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Landfill Communities Fund - FAQs

1. What is the Landfill Communities Fund?
The Landfill Communities Fund is a source of money for some organisations to carry out certain types of environmental projects. The government allows some of the landfill tax it levies on operators of landfill sites to be used to benefit communities and the environment. Landfill operators can contribute up to 6.5% of their landfill tax liability to environmental bodies in return for a tax credit.

2. Who can apply for landfill tax money?
This depends on which of two funding routes you choose.

Money directly from a landfill operator:

  • If your organisation plans to receive landfill tax money this way, your organisation must meet criteria set out in the landfill tax regulations. These are outlined under question 8.

Money from an environmental body that distributes landfill tax money:

  • If your organisation plans to receive landfill tax money this way, it must meet the criteria specified by the distributive environmental body.

3. What types of projects can be funded?
Projects must fall within one of these categories, called “objects” in the regulations:

  • Object A – activities to reclaim, remediate or otherwise bring land back into social, environmental or economic use. The proposed use must have been prevented or restricted by an activity which has now ceased. If the land was polluted, the polluter of the land must not benefit from theproject.
  • Object B – activities to reduce, mitigate or prevent pollution on land where the pollution has been caused by an activity which has now ceased. The polluter of the land must not benefit from the project.
  • Object D – providing and maintaining public amenities and parks. Projects in this category must be located within the vicinity (usually within 10 miles) of a landfill site owned or operated by any person who pays landfill tax. The amenity must be open to the public, and not operated with a view to profit.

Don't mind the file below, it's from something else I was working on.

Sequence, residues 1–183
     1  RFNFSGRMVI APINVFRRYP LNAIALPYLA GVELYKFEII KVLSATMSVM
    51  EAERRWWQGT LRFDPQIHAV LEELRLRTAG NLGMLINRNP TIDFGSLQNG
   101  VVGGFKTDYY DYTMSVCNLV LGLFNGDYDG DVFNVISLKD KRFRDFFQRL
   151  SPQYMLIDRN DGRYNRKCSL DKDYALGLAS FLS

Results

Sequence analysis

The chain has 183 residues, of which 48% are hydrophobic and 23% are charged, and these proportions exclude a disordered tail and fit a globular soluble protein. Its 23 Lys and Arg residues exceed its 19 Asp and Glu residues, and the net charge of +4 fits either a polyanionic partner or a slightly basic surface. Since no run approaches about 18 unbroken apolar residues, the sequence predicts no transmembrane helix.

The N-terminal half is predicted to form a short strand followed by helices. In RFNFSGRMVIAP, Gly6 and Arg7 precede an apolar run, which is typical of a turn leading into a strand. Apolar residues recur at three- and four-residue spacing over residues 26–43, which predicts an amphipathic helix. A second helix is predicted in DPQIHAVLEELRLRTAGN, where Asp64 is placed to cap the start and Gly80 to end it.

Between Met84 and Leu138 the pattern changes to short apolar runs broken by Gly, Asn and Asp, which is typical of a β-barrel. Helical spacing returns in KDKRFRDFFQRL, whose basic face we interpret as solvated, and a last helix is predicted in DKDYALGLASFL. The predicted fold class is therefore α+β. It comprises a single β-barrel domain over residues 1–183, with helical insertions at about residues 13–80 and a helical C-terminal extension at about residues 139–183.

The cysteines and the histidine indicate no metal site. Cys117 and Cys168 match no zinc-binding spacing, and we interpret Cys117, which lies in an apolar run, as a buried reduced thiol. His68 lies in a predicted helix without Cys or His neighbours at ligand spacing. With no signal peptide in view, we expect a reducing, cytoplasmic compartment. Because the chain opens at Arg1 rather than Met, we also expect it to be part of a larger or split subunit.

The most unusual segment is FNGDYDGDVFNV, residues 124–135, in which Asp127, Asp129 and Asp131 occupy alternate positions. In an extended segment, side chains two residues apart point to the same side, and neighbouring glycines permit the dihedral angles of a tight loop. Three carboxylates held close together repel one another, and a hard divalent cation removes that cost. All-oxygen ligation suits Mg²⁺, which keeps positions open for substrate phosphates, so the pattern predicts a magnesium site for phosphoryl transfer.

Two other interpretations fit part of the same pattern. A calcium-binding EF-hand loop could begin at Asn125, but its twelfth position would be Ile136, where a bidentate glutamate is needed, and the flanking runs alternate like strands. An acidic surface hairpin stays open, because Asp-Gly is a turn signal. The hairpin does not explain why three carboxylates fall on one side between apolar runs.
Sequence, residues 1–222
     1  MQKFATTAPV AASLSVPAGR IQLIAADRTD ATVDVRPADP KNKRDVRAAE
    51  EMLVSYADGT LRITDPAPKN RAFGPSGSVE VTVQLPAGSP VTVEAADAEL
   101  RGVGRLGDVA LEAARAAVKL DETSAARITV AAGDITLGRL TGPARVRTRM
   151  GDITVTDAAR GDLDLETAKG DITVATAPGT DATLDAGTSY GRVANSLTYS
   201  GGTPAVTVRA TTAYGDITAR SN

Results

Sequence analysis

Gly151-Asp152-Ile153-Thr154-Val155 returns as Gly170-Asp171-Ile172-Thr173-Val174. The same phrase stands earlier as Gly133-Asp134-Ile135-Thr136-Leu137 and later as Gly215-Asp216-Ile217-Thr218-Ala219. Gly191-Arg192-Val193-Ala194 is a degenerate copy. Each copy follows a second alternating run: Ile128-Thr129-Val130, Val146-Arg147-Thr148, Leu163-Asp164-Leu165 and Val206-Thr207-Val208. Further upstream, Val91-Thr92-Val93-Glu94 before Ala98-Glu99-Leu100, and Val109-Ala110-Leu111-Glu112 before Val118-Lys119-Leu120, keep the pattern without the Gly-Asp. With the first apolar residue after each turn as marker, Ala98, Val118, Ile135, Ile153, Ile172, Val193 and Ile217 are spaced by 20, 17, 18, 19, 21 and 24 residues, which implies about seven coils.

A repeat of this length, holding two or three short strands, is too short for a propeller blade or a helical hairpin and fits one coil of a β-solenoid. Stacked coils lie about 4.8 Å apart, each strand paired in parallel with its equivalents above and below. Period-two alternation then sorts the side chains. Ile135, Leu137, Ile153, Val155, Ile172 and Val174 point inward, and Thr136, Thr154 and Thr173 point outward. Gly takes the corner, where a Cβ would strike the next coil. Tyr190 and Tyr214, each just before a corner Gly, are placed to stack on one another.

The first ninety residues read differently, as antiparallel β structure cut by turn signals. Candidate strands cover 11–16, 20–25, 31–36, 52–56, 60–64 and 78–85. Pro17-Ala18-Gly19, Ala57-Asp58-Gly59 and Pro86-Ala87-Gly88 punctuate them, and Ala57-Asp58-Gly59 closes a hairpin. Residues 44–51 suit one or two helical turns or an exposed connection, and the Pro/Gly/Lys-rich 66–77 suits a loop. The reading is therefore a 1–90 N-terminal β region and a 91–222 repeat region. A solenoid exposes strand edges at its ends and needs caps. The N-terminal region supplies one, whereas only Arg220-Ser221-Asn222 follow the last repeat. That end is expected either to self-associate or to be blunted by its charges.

• Object E – restoring and repairing buildings and structures that are for religious worship or of architectural or historical interest. This includes work to places of worship for all faiths, ancient monuments and listed buildings. Projects in this category must be located within the vicinity (usually within 10 miles) of a landfill site owned or operated by any person who pays landfill tax. The building or structure must be open to the public, and not operated with a view to profit.
  • Object F – the provision of administrative, financial or other similar services to environmental bodies enrolled with ENTRUST.

4. How do we get money for a project?
If you have a project that fits one of the objects described above, there are two main routes to get money through the scheme:

  • From landfill operators directly - you might be able to find a landfill operator who will give landfill tax money directly to your organisation. While many landfill operators take part in the LTCS, not all do. Not all landfill operators are potential sources of funding for your work. The only way to find out is to contact them and ask. A list of operators can be obtained from HM Customs and Excise, or on 0845 010 9000. Landfill operators have to be registered with Customs to take part in the scheme. If you plan to receive money directly from a landfill operator, you will need to enrol your organisation as an environmental body with ENTRUST.